Officials in this Central Asian country don’t want to discuss why they keep so many Muslims from going on the haj. From Forum 18. by Felix Corley 25 November 2008
As has been the practice for many years, it appears that only 188 Muslim pilgrims are being allowed to take part directly from Turkmenistan in this year's haj pilgrimage to Mecca which begins later this month. "Only those on the official list who have been approved by the Cabinet of Ministers will go to Mecca on the one airplane," one source said from the capital, Ashgabat. "The government draws up the list and orders the airplane."
The numbers of genuine pilgrims actually permitted is almost certainly smaller than 188, as Forum 18 has been informed that members of the Ministry of State Security secret police are included among the pilgrims.
The government often prevents those it does not like – including prominent religious believers – from leaving the country. The government has also expelled from the country over recent years active members of religious communities who do not hold Turkmen passports, even if they have been living in the country for many years. Obliged to leave Turkmenistan at the beginning of November because of the authorities' repeated refusal to issue a residence permit was Tatyana Kalataevskaya, the daughter of an expelled Baptist pastor.
At the same time, Turkmenistan's strict entry criteria prevent local religious communities from freely inviting their fellow believers from abroad, often leaving them isolated from international contacts.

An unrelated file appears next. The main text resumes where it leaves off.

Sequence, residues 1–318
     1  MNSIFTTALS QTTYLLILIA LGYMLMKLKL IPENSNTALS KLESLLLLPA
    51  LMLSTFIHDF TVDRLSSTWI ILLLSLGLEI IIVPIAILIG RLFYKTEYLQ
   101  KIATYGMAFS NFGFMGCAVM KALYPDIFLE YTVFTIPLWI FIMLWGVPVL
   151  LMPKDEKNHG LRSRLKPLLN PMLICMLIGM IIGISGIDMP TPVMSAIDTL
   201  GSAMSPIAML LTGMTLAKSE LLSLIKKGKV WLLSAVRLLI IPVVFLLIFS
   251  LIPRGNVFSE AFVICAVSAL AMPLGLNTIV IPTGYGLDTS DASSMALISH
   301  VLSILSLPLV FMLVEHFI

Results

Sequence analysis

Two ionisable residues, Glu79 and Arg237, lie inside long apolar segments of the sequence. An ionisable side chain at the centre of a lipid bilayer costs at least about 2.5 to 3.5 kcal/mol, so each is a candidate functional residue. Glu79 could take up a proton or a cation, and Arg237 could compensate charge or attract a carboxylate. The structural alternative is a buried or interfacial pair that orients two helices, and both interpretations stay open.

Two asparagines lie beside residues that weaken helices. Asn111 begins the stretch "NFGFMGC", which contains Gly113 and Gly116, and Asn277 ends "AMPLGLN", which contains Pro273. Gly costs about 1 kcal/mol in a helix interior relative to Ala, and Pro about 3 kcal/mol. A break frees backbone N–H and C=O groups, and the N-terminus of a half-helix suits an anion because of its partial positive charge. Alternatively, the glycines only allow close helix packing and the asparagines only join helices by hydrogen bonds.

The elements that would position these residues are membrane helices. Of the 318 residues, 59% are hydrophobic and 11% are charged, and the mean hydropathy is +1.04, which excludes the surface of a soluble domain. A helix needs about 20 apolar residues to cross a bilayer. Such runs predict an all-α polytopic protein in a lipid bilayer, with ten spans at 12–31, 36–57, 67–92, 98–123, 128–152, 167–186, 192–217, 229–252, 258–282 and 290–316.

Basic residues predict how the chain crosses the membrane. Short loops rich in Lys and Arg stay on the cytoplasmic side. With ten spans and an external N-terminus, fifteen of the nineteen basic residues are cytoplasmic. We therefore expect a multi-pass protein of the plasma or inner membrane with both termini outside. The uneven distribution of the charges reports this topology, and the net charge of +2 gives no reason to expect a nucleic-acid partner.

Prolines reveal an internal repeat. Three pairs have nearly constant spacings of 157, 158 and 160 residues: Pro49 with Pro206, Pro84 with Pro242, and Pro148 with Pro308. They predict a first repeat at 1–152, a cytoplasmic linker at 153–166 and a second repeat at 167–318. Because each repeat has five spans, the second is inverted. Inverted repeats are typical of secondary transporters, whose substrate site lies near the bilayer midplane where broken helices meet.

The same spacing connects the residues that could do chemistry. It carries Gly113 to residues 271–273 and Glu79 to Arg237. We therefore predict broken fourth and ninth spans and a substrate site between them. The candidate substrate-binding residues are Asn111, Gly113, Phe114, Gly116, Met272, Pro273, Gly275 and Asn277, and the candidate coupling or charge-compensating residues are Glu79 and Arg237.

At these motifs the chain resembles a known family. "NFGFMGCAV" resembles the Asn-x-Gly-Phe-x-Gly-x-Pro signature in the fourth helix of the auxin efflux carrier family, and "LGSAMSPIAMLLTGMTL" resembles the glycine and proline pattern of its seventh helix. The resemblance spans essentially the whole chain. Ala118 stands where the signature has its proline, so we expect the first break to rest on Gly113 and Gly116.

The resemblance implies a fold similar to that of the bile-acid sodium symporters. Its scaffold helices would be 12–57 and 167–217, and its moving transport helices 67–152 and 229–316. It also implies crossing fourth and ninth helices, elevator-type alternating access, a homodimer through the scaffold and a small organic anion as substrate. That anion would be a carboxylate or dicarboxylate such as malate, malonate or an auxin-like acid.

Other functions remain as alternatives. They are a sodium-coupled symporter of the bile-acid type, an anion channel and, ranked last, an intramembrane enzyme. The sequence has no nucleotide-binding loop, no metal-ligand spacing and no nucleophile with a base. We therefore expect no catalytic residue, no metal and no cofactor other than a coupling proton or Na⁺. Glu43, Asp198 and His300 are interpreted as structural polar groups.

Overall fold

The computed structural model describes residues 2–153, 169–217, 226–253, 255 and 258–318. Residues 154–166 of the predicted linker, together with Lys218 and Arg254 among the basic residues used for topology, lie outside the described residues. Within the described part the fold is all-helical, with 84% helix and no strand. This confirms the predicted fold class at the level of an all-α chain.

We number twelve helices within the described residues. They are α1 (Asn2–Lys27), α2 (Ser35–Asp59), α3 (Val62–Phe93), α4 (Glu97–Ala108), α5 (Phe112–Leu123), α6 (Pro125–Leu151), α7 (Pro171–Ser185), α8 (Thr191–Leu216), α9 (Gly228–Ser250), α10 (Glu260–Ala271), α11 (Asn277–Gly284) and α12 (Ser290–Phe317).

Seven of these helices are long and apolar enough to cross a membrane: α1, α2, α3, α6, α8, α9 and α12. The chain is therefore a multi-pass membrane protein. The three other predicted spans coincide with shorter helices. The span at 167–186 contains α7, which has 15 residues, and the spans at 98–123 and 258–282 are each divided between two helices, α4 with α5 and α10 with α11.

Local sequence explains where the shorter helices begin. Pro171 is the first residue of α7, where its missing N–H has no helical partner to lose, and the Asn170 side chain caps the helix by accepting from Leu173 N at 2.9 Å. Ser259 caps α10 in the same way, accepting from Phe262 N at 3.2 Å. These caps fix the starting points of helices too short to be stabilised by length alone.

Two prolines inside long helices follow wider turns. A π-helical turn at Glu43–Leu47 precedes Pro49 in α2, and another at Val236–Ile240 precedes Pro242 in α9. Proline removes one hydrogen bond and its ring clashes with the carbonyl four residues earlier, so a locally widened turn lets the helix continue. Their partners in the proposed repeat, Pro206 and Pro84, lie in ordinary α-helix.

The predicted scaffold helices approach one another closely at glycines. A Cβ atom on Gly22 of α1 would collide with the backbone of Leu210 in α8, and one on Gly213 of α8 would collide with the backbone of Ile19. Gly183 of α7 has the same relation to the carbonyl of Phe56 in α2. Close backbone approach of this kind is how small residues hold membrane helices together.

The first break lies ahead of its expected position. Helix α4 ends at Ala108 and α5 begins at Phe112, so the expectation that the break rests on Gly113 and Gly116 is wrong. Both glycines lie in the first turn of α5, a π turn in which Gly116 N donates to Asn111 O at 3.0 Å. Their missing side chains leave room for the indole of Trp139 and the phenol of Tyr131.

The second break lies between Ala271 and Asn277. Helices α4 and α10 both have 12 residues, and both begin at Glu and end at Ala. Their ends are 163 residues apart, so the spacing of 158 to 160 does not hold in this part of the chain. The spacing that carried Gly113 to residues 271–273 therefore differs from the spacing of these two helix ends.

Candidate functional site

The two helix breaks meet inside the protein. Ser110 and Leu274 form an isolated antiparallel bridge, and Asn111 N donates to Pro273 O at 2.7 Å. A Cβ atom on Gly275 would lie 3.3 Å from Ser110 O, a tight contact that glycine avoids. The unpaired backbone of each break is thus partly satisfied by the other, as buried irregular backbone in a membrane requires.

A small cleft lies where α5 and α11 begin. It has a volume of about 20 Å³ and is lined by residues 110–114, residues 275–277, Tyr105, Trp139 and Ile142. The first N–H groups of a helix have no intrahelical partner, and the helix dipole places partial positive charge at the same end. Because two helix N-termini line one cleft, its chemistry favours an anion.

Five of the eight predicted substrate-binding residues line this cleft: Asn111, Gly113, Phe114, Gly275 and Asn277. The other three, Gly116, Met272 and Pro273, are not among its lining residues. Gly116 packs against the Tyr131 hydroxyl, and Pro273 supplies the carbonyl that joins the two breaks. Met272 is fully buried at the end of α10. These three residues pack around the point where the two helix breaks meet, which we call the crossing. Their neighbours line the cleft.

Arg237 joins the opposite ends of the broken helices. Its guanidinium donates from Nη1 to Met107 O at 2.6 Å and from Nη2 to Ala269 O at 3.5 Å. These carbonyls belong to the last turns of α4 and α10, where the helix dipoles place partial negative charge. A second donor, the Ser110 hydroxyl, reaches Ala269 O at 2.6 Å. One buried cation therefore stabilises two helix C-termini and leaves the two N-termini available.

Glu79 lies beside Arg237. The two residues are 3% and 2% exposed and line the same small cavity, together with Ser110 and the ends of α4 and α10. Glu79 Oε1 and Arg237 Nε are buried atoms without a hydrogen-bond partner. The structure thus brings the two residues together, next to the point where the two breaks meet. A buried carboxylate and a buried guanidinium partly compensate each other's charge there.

The government website reported on 4 November that President Gurbanguly Berdymukhamedov had signed a decree arranging for 188 pilgrims to travel on the haj between 24 November and 14 December. It said the national airline, Turkmenistan Airlines, had been ordered to organize a special flight on a Boeing 757 to Saudi Arabia and back, which the airline itself was to pay for.
The quota for pilgrims assigned to Turkmenistan by the Saudi government has never been officially announced, but is believed to be about 5,000. Turkmenistan has a population of some 6 million, the majority of them of Muslim background.
This year the mainly Muslim southern Russian region of Dagestan – with a population of some 2.5 million – is expecting to send at least 8,000 pilgrims from Russia's quota, with the Dagestani government hoping to send even more. Uzbekistan, with a population of some 27 million, is expecting to send 5,000 pilgrims, while Kyrgyzstan, with a population of more than 5 million, is expecting to send 4,500.
The haj pilgrimage is compulsory at least once for Muslims who are able to perform it (there are exemptions, for example, for ill health) within Dhu al-Hijja, the 12th and final month in the Islamic calendar. However, given that for many years the Turkmen authorities have allowed no more than 188 pilgrims each year, this is an obligation that the vast majority of the country's Muslims cannot fulfill.
The Turkmen authorities have never explained why they allow only one airplane of pilgrims to travel. However, for the 2007 pilgrimage they claimed that in addition to the official party, pilgrims were allowed to travel on the haj independently. But the Saudi Arabian Embassy in Ashgabat confirmed to Forum 18 in 2007 that the only pilgrims directly from Turkmenistan were those on the officially sponsored airplane.